- Carbon markets and standards: a new agenda for LDC negotiators0.24 MB
This brief explores two different types of carbon markets: baseline-and-credit mechanisms, which are primarily structured around offsetting and enable trade in certified emissions reductions between countries and companies (an example being the Clean Development Mechanism –CDM); and cap and trade schemes or emissions trading systems (ETS), which are based on agreed allowances and permits.
While carbon border adjustment mechanisms (CBAMs) are receiving much attention at the World Trade Organization, there is a striking absence of focus on trade in carbon, carbon markets and carbon standards. However, these aspects feature high on the UNFCCC negotiators’ agendas because they are necessary to support the development of market mechanisms under Article 6, secure environmental integrity and create monitoring, reporting and verification frameworks.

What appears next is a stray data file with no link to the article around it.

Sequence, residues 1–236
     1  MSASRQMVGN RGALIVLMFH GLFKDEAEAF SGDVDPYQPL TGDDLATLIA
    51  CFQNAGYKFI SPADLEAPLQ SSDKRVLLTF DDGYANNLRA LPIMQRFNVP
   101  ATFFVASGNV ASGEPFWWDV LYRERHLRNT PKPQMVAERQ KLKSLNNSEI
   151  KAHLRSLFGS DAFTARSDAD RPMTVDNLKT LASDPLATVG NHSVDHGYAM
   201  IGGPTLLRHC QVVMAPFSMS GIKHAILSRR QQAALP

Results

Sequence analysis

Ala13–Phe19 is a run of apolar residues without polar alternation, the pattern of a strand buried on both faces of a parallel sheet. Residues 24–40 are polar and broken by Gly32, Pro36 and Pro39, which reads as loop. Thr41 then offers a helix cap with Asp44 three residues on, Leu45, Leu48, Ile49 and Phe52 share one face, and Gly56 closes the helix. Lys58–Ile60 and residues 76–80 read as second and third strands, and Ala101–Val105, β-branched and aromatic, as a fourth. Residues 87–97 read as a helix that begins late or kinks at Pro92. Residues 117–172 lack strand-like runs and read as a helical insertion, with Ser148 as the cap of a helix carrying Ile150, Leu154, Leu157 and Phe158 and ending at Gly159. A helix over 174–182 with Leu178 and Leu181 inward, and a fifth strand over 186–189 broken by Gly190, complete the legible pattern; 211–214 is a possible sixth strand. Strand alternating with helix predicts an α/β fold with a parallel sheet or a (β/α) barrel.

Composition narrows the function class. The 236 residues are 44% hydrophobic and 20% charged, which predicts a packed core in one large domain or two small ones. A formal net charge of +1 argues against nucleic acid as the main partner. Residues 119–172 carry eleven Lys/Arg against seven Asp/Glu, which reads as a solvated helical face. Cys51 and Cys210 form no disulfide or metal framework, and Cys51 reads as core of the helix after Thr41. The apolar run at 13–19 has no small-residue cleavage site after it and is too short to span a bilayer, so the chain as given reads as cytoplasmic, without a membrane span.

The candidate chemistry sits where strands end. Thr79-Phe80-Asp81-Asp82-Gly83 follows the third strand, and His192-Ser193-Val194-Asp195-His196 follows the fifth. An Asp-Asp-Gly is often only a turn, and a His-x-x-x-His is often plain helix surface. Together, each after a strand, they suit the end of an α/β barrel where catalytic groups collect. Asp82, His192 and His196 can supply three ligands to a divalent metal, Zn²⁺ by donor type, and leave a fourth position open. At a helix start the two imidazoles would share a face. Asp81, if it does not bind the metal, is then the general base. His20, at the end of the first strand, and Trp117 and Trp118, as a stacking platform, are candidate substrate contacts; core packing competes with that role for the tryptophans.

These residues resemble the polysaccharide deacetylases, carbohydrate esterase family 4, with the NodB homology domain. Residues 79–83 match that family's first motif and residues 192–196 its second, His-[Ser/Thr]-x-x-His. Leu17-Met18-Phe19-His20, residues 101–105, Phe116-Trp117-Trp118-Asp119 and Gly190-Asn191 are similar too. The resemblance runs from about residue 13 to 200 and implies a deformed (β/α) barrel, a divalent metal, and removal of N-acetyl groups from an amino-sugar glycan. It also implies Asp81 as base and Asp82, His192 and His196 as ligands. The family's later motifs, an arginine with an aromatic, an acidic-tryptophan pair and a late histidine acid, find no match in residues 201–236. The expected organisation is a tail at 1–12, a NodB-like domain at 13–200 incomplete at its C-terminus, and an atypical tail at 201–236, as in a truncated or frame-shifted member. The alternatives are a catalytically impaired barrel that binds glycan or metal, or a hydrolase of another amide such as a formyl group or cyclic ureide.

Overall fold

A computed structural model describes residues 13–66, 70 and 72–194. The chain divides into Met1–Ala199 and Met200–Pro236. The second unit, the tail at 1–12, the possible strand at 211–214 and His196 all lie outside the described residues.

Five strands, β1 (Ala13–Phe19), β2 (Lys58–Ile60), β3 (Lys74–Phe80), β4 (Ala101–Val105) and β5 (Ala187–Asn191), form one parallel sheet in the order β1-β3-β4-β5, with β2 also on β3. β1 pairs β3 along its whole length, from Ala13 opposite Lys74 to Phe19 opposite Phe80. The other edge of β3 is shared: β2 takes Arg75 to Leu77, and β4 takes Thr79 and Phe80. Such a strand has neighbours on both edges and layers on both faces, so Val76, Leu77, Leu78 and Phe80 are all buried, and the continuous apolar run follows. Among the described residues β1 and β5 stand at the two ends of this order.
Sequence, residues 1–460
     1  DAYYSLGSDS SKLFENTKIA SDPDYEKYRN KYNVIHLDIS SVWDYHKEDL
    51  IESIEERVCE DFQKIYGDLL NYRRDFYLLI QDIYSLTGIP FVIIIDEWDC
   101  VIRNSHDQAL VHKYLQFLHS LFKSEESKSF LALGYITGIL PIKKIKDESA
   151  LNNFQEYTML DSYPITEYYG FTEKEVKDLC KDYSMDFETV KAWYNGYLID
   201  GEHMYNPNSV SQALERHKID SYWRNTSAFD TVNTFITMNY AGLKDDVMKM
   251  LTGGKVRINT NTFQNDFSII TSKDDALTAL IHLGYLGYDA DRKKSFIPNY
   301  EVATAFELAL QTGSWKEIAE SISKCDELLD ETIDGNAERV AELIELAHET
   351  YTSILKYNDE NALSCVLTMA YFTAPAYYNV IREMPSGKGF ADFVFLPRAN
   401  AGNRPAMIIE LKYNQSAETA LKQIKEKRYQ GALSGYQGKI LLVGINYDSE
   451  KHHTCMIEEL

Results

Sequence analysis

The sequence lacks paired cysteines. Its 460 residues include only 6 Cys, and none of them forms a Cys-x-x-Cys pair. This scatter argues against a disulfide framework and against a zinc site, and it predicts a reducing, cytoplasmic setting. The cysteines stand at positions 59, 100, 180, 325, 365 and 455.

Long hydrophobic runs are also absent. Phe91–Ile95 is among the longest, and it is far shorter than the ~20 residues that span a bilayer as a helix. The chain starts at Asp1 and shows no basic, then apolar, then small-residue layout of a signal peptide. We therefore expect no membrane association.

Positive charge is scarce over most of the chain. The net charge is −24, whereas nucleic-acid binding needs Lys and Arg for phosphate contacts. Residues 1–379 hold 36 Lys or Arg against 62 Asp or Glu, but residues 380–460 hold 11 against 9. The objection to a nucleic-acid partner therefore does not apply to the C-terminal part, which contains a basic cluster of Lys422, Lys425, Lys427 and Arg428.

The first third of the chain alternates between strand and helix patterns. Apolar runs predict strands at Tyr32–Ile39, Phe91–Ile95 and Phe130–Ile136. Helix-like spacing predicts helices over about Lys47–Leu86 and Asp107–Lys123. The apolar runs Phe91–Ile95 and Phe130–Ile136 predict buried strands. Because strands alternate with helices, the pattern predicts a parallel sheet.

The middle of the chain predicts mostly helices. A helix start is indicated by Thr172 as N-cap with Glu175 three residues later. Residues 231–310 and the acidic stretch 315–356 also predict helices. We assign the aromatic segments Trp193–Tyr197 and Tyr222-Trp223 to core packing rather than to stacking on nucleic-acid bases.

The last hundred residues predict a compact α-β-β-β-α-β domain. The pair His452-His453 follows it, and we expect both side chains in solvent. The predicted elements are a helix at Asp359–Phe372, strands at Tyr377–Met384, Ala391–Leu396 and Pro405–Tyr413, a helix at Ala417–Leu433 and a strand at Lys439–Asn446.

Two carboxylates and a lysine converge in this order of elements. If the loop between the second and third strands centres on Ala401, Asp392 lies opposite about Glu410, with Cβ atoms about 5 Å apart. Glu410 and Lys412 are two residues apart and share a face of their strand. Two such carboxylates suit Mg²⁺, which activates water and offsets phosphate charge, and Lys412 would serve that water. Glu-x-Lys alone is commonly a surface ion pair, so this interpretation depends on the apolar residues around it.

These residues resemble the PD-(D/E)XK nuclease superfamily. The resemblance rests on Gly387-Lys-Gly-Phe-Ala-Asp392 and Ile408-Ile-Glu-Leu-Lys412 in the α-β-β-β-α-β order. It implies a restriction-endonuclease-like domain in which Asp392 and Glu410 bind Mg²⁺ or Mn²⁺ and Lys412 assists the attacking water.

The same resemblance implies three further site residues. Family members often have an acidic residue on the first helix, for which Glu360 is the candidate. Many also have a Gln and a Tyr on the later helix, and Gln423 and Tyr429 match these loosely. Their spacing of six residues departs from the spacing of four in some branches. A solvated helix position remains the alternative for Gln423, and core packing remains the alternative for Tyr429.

Negotiations for a multilateral framework for trade in carbon under Article 6 of the UNFCCC framework are particularly relevant for Least Developed Countries (LDCs) given their urgent needs to secure climate finance. In addition, common frameworks for carbon accounting are needed to support trade and development objectives.
The imposition of CBAMs will increase the costs of trade. There are limited options to mitigate these currently for LDCs whose exports may be affected. Mitigating the increased trade costs and complexity that may result from CBAMs will be challenging for LDCs to navigate without commensurate support.
Mozambique is particularly vulnerable to the proposed European Union’s CBAMs. However, as the scope of the EU’s CBAM grows and as other countries also consider applying their own CBAMs, more LDCs could be affected. These trends have important implications for pre- and post-graduation support for LDCs.
Report by the Overseas Development Institute